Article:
I like to take a drive in the fall to see the fall foliage. November, leaves changing colors, and long drives in the country just seem to go together. If there’s one time of the year that I am most likely to drag out the tent and sleeping bags to go camping, it is this very time of the year. The nights are cool, the days, at least this year, are sunny and pleasant. This is a good time to be outdoors.
Thing is, I live in North Texas, and North Texas is not the best place for fall foliage. Fall foliage viewing around here is basically a micro experience. You drive until you find an area that presents a montage of understory colors and adjacent trees displaying their own rich colors. When you find this, you are there. Take the picture.
I thought I would put together my list of great places to see fall foliage starting from the Dallas Fort Worth area. Not an exhaustive nor authoritative list by any means, but just recommendations based on my own experiences.
Palo Pinto County, Farm Road 4, Highway 16, and Mineral Well State Park. This is a short drive from the Metroplex. The Palo Pinto Mountains are stunning to see, for us flat-landers anyway. There’s plenty of mature forest available for potential fall foliage photo ops. Mineral Well State Park is great for camping and hiking and relaxing. Possum Kingdom State Park is also near by. For an entirely different perspective you can canoe down the Brazos River.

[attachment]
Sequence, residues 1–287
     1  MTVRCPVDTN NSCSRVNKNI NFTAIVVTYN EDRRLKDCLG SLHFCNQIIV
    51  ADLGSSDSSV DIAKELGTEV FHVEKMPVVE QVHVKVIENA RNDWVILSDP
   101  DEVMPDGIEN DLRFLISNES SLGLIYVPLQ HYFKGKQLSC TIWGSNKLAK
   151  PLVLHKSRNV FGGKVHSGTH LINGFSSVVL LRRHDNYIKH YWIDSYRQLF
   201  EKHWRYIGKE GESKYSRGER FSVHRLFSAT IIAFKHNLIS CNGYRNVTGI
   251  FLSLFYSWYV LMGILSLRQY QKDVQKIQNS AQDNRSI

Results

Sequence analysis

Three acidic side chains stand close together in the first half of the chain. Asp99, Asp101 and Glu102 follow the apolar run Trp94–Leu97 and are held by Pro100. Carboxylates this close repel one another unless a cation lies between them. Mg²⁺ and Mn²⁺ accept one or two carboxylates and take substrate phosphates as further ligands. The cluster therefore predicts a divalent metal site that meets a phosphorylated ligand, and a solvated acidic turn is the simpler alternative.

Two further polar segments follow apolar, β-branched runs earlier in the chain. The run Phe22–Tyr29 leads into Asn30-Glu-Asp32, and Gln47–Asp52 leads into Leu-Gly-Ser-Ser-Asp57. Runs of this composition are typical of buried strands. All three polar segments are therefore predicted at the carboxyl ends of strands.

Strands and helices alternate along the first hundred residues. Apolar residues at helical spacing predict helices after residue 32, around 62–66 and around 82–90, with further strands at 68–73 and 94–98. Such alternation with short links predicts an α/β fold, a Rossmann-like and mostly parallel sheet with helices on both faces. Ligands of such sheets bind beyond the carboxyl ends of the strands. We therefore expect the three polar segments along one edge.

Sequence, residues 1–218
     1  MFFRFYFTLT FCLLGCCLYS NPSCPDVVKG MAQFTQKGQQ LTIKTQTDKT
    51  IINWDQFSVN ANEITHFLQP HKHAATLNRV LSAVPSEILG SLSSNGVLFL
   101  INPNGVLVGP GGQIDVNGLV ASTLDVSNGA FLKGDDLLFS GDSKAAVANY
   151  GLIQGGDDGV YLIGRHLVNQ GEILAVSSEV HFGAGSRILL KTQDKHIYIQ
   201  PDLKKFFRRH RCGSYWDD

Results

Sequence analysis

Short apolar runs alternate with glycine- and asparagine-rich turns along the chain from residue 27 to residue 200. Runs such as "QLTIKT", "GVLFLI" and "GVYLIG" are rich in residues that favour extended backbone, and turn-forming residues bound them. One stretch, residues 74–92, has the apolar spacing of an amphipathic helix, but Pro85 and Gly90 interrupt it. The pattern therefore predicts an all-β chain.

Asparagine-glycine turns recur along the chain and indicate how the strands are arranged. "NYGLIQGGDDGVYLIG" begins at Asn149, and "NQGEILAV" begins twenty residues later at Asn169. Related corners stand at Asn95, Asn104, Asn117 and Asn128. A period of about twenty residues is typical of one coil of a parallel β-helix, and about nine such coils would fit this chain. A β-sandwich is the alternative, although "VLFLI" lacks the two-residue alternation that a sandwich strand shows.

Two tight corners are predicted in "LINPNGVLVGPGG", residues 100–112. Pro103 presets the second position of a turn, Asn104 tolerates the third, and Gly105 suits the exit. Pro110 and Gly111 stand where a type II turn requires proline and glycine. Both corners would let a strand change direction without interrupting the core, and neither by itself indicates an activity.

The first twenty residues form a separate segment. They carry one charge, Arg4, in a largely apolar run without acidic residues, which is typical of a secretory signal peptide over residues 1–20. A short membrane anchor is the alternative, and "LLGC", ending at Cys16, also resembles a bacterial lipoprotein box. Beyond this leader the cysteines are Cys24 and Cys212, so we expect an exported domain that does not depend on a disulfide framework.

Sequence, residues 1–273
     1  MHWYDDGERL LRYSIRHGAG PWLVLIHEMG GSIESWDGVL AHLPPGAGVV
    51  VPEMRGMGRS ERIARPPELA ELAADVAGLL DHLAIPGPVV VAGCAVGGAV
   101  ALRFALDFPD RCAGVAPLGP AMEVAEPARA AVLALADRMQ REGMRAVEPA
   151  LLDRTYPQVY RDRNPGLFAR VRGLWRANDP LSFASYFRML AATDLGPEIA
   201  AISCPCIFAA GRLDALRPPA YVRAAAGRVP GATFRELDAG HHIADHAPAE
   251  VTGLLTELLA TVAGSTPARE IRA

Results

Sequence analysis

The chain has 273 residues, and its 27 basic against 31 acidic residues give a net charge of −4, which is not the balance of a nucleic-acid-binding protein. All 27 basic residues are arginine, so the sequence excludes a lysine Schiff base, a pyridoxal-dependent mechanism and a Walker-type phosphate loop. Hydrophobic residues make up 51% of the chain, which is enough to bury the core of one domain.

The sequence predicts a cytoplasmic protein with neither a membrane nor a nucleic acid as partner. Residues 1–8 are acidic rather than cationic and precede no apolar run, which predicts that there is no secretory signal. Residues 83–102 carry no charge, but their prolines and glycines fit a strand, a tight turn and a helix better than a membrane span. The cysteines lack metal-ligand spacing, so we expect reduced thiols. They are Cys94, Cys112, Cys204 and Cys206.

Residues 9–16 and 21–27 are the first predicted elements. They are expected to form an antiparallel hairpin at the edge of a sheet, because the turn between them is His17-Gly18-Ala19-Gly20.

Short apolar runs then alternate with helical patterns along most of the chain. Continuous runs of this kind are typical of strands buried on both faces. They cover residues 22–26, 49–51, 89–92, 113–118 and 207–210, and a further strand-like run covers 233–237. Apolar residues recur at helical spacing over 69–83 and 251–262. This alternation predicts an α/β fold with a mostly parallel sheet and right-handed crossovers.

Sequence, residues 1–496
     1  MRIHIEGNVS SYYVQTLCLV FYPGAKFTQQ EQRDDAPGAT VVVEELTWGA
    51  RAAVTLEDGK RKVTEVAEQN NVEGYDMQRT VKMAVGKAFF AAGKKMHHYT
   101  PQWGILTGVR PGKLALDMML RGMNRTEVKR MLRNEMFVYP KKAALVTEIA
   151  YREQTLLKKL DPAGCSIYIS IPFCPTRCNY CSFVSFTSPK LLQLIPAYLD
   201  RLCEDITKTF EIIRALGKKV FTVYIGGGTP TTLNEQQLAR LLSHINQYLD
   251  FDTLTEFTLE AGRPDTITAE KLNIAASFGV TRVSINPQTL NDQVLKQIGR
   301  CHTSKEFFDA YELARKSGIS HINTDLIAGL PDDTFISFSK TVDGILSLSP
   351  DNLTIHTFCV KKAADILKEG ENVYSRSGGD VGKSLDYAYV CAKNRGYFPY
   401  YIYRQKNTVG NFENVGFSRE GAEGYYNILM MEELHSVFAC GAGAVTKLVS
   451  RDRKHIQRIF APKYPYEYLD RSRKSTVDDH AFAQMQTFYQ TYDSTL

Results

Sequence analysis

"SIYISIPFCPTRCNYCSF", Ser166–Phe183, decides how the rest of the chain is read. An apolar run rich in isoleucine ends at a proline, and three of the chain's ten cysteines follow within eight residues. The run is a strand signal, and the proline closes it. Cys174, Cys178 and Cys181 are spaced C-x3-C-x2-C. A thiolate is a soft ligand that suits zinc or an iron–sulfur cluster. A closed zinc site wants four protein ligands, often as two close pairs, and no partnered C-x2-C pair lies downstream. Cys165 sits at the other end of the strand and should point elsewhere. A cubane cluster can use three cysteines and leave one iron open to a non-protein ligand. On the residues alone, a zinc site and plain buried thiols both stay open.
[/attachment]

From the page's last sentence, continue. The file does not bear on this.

Tyler Texas and Tyler State Park are not that far from Dallas and Fort Worth. A plus for travel convenience. Tyler is a great East Texas town with plenty to see and do. Plenty of tree-lined streets plus the Tyler Rose Garden is nice most times of the year. Work Gladewater into your return trip if you want to do some antiquing.
Arkansas Scenic Highway 7 starting at Arkadelphia or Hot Springs. Scenic 7 meanders through the Ouachita Mountains then the River Valley Region and onto the soaring Ozarks. Hot Springs is quite a destination itself. DeGray Lake Resort State Park is another great option for a comfortable stopping off point during your drive. Heading further north, the view gets better. beyond Russelleville the mountains and the views get big. There are several stand out primitive camp grounds in the are of Pelsor Arkansas, Haw Creek Falls Campground, and the Richland Creek Campgrounds and Wilderness Area. Consider this if you like primitive camping and challenging hikes. A link for general information and locations at Arkansas.com
Petit Jean State Park is Arkansas’s first state park, featuring stunning views, enchanting woodlands laced with streams and wildflowers, and a spectacular waterfall—Cedar Falls. The Park has several fine trails, but the Ceder Falls Trail in particular is great for foliage viewing. A moderately tough trail leading into a picturesque valley graced by the Cedar Falls. From personal experience I can say that this is a great fall hike. There are hundreds of campsites, and Mather Lodge for those seeking more comfortable accommodations.
Magazine Mountain State Park is an outstanding state park on the highest peak in Arkansas. Limited camping and R.V. spaces. Book well in advance. Can get very cold in November and with very little warning. Outstanding views. Bears and large cats also live on the mountain.
I will update this article with pictures if I have time. Constructive comments encouraged. Where did you see great fall foliage in or near Texas?
Copyright © 2008 by Sam Fenstermacher
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